Even though the time of volunteers is donated for free, it’s an unfortunate reality that there are costs involved in making ClassicPress come to life. We have:

  • Multiple servers for running the site and systems
  • Paid for security tools
  • Paid for cloud storage accounts to allow for collaboration on design work
  • Paid for email accounts
  • Occasional paid for advertising campaigns (to boost reach of posts on social media during launches)
  • One-off purchases such as premium plugins

ClassicPress has no revenue stream (yet)

At the moment we’re laser-focused on getting ClassicPress ready – our focus is on code, processes, marketing, documentation and support. With limited resources, we are dedicating 100% of our time to activities which will enable us to ship a bug-free first version.

We do have some exciting plans in the works to fund ClassicPress without the need for donations, such as:

  • The development of a ClassicPress plugin directory that includes free, freemium and premium plugins
  • The development of a ClassicPress jobs board that connects employers with ClassicPress volunteers
  • The launch of an online shop selling ClassicPress “swag” (t-shirts, caps, stickers etc)

Can you help support us?

Up until this point, we have not asked for support. We wanted to first show that we are the “real deal”, and with the launch of our BETA we have achieved that goal.

On Giving Tuesday, we ask for your generosity. Can you support us? There are a number of ways you can do this:

THANK YOU! Your support makes all the difference.

Accessibility and Universal Design: Core Features of ClassicPress

As many people know, the initial impetus behind the creation of ClassicPress was dissatisfaction with the proposed new editor for WordPress, codenamed Gutenberg. While ClassicPress has already moved well beyond what we don’t want and is prioritizing features to ensure that the software is powerful, versatile, and predictable, one particular aspect of Gutenberg is currently causing particular consternation and controversy.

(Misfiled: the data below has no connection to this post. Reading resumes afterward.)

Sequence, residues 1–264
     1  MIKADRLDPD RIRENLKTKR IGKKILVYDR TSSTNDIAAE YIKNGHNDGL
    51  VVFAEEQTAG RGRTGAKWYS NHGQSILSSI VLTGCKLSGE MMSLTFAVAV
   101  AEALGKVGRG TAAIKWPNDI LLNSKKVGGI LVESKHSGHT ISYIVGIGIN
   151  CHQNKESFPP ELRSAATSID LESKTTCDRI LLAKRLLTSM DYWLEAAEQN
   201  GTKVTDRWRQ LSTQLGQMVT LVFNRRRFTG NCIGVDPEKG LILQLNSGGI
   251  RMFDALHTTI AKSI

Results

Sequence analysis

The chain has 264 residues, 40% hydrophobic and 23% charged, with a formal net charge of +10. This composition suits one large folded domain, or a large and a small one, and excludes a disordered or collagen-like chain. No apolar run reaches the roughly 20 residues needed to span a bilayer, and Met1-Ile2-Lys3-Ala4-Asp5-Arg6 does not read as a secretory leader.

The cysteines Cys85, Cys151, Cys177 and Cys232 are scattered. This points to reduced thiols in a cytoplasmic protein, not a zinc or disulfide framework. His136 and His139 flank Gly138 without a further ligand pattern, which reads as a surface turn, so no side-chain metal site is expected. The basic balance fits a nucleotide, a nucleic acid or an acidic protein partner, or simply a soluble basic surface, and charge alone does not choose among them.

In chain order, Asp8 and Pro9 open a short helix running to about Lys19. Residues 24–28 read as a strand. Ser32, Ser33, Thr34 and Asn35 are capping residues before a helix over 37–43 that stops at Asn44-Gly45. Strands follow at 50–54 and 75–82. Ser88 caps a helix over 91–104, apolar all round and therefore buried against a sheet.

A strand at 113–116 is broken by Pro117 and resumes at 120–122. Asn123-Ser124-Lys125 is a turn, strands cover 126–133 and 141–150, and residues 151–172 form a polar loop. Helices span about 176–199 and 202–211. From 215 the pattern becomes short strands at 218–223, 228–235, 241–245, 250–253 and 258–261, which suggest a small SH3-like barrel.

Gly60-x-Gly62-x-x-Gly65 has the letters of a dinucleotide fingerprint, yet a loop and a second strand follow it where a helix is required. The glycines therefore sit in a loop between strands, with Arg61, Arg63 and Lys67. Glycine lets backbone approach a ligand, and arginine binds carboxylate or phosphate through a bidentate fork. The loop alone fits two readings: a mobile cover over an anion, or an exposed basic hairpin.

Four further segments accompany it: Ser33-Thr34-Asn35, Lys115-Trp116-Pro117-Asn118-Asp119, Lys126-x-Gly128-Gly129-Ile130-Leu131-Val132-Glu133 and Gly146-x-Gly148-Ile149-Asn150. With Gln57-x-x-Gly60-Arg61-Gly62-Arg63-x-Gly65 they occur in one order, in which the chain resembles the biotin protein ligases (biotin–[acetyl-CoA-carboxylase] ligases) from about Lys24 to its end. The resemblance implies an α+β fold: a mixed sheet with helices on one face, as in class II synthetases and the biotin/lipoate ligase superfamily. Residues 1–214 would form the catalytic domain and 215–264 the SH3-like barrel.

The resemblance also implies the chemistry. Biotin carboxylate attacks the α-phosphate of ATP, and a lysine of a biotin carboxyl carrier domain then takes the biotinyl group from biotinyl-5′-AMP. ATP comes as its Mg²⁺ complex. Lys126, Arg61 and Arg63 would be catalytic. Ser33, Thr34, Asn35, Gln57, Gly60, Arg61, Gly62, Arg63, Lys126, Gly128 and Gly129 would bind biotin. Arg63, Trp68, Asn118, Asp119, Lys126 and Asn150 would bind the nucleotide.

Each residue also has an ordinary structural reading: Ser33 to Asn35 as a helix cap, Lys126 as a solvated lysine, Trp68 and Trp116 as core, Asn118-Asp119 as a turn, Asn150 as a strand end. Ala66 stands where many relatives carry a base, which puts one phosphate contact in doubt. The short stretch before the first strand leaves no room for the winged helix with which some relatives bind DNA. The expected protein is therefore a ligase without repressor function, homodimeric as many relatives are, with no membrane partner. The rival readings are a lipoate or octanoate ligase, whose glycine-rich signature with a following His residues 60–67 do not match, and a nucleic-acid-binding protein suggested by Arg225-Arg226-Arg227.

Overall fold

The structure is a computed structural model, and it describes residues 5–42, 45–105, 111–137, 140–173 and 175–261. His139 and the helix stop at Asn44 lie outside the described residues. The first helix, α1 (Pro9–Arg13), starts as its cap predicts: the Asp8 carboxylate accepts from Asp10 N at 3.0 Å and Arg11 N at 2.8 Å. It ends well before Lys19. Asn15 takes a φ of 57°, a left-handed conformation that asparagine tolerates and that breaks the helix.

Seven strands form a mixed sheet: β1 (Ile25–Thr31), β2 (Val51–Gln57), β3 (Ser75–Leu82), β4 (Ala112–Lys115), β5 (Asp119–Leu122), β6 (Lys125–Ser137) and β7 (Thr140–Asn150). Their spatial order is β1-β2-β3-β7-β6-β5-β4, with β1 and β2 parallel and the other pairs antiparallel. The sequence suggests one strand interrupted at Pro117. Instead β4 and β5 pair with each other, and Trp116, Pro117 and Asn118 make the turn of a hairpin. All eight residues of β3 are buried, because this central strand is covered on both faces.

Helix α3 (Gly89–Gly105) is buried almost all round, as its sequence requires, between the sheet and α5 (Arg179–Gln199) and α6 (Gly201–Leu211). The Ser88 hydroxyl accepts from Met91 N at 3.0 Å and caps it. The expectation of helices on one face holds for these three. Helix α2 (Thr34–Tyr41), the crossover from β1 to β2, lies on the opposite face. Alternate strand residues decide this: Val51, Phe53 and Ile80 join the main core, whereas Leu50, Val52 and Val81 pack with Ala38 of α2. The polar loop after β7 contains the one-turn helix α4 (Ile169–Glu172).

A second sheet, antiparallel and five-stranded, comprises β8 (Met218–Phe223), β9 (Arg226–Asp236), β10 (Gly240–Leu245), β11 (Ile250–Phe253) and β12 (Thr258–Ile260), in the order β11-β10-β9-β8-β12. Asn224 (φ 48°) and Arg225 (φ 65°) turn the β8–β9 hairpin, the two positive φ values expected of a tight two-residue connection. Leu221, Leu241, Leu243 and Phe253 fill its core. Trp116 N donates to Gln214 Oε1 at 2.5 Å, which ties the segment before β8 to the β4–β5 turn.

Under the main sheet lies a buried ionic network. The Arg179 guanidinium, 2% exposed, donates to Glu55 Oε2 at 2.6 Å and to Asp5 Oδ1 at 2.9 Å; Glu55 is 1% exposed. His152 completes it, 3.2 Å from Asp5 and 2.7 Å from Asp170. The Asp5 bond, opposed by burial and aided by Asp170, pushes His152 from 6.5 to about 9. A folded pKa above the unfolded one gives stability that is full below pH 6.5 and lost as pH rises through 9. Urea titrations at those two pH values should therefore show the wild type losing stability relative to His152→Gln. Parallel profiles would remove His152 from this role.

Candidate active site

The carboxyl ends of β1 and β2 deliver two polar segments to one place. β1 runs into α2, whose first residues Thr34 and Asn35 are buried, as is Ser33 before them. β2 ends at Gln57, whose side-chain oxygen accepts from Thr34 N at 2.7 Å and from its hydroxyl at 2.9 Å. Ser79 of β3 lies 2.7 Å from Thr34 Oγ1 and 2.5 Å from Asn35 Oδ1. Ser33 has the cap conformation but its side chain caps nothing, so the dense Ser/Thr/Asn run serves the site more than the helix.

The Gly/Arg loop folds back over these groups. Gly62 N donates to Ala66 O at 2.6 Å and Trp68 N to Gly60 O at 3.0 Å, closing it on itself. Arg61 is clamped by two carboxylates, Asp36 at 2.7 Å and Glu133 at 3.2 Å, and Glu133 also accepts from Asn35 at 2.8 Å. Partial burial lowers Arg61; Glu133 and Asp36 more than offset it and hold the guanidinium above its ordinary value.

That aspect is accessibility. So we thought it would be a good idea to make clear where we at ClassicPress stand on this important issue.


WordPress was originally founded on a mission to “democratize publishing.” At ClassicPress we take this idea of democratization very seriously. And we are very clear that, if we are to make our deeds match our words, then it is imperative that both our website and the ClassicPress platform itself must be fully accessible. It is simply part and parcel of “democratizing publishing.”

In professional terms, we intend to adhere to the principles of universal design, according to which:

an environment … can be accessed, understood and used to the greatest extent possible by all people regardless of their age, size, ability or disability. … This is not a special requirement, for the benefit of only a minority of the population. It is a fundamental condition of good design. If an environment is accessible, usable, convenient and a pleasure to use, everyone benefits. … Simply put, universal design is good design.

I myself have previously been involved in the complete overhaul of a higher education institution’s website to make it fully accessible. I am also the author of code that does the same thing for an accordion plugin.

As that experience has taught me, universal design in web apps requires getting the fundamentals right. That means using HTML elements for their intended, semantic purpose. A button, for example, should be rendered by either a button or an input element. And pop-ups and flyouts should generally be avoided if possible. There is usually a better and more user-friendly way to achieve the goal behind a pop-up, and we all benefit from the increased usability.

The Law

At ClassicPress we anticipate that many of our users will be businesses (large and small) and others (like education institutions) who are subject to heavy legal regulation. For example, laws such as the Equality Act 2010 in the United Kingdom — and the Rehabilitation Act, and the Americans with Disabilities Act (ADA) in the USA — require that websites should be just as accessible to people with disabilities as to those with perfect eyesight who can use a mouse.